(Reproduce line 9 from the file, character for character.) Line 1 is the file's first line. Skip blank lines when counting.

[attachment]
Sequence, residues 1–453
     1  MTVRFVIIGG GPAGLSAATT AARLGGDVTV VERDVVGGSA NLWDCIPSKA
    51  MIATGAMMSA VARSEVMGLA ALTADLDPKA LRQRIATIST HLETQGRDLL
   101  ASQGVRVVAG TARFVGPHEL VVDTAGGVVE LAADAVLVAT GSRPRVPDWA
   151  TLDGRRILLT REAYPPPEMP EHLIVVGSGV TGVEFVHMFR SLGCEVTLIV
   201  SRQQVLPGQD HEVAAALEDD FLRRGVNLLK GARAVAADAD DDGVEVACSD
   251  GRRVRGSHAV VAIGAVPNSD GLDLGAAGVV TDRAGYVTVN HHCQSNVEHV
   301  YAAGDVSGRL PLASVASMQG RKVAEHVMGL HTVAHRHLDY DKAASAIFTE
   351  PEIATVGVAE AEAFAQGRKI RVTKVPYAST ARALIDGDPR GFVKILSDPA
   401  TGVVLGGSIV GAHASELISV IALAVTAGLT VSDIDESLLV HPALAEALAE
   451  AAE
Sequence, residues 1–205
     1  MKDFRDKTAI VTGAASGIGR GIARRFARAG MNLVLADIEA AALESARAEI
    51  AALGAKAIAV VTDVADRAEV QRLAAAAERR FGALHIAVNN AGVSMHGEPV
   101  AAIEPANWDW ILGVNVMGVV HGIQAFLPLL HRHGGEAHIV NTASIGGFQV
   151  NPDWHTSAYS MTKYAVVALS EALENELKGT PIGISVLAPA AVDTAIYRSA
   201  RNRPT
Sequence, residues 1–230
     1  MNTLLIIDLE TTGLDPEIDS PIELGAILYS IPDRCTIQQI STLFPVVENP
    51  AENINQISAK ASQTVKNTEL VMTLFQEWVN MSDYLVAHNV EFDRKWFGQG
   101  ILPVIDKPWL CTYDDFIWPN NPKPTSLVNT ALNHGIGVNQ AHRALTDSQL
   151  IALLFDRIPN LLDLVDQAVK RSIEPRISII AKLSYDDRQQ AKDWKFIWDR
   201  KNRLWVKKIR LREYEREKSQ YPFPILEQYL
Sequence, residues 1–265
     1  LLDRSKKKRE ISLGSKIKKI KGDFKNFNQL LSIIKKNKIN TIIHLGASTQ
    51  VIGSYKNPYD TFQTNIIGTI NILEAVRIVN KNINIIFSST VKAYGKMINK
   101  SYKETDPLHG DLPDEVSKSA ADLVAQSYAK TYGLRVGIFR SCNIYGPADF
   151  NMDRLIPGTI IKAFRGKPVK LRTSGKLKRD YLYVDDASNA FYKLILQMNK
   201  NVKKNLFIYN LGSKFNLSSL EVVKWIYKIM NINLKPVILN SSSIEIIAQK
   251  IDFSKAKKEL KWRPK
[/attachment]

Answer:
   351  PEIATVGVAE AEAFAQGRKI RVTKVPYAST ARALIDGDPR GFVKILSDPA